Laura Loomer raises an important point: what happens when even a narrow AI, having a leftist bias, substitutes for humans? The result is a Dictatorship of the Woke, if The Daily Mail report is at all accurate. That’s why Andrew Torba wants to recruit software engineers, knowledge engineers, and experts to train his own AI to counter ChatGPT. Here some definitions, from the discipline of expert systems, are in order. Software engineers are programmers. They supply the basic platform for a narrow AI or expert system. Experts testify to the current state of human knowledge in their respective fields. Knowledge engineers help translate expert opinion into rules that programmers can implement.

Andrew Torba does not want ChatGPT or any other similarly biased AI to dominate the field. AI, to him, is a tool. So instead of decrying the left’s use of that tool, why shouldn’t conservatives use it themselves?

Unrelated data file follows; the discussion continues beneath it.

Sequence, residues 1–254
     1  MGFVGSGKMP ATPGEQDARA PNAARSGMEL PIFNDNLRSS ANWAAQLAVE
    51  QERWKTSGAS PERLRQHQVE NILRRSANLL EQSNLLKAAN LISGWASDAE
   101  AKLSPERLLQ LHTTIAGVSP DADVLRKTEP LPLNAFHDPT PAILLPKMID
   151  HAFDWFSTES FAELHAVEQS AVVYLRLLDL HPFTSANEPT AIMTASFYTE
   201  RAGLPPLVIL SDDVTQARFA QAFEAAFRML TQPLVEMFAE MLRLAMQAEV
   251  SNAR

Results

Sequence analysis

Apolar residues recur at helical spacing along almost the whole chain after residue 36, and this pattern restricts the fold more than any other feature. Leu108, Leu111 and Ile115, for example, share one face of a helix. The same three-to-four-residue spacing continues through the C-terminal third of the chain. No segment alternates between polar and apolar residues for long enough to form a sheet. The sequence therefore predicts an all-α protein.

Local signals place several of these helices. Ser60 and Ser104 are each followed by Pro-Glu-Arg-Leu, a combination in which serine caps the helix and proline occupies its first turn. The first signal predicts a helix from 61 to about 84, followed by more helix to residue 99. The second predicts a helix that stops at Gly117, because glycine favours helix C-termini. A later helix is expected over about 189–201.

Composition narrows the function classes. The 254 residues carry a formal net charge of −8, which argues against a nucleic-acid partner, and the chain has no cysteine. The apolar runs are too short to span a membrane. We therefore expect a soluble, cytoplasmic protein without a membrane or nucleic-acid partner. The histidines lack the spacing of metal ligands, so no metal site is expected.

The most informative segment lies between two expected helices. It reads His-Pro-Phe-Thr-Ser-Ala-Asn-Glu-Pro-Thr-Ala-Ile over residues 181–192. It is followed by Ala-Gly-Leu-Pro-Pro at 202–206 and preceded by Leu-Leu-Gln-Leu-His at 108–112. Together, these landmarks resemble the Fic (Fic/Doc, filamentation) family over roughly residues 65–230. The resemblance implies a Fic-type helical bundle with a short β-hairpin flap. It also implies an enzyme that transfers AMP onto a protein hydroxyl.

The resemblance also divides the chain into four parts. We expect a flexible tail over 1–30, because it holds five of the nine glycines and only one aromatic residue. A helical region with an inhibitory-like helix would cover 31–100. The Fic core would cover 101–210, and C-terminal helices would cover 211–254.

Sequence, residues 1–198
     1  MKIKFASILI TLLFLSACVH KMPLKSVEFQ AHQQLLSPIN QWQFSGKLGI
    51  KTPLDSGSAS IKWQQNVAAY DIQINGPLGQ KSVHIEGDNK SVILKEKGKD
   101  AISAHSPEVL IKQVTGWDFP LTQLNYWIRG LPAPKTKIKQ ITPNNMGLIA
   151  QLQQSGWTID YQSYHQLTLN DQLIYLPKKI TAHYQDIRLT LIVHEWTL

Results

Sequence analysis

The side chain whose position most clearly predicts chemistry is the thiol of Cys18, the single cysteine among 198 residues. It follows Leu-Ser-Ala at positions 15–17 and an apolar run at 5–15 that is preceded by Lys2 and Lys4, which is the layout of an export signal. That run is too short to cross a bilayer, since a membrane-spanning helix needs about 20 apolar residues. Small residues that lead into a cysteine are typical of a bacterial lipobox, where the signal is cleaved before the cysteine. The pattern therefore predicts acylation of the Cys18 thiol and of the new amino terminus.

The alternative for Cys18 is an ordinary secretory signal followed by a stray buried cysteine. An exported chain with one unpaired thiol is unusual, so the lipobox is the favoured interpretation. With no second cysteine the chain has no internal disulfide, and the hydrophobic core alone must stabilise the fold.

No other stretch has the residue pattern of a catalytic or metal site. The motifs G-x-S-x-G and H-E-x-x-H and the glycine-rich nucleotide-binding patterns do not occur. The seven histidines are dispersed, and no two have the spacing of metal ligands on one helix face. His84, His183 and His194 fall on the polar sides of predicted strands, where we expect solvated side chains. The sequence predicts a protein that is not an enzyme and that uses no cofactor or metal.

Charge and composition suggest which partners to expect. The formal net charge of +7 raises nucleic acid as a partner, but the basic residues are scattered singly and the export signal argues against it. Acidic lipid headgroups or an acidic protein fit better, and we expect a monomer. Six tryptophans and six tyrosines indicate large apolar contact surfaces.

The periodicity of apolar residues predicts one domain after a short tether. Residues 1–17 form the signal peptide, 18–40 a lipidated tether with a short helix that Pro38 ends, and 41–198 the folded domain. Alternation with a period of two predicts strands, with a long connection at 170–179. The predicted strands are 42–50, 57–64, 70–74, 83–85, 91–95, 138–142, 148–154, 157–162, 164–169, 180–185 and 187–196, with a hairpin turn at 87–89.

If he faces opposition, that’s because too many people fear AGI as a possibility. But again, no machine, that humans build, can become conscious. The chief danger of the Gab AI project lies in its potential misuse – say, by treating it as an oracle. A lesser danger would result from “training” of poor quality.

In fact, Andrew Torba reported, at 8:08 p.m. EST last night, that:

Training has begun and soon you’ll be able to help.

By which he meant that registered users will have access to a landing page that will let them suggest questions and answers.

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Terry A. Hurlbut has been a student of politics, philosophy, and science for more than 35 years. He is a graduate of Yale College and has served as a physician-level laboratory administrator in a 250-bed community hospital. He also is a serious student of the Bible, is conversant in its two primary original languages, and has followed the creation-science movement closely since 1993.

CATEGORY:Human Interest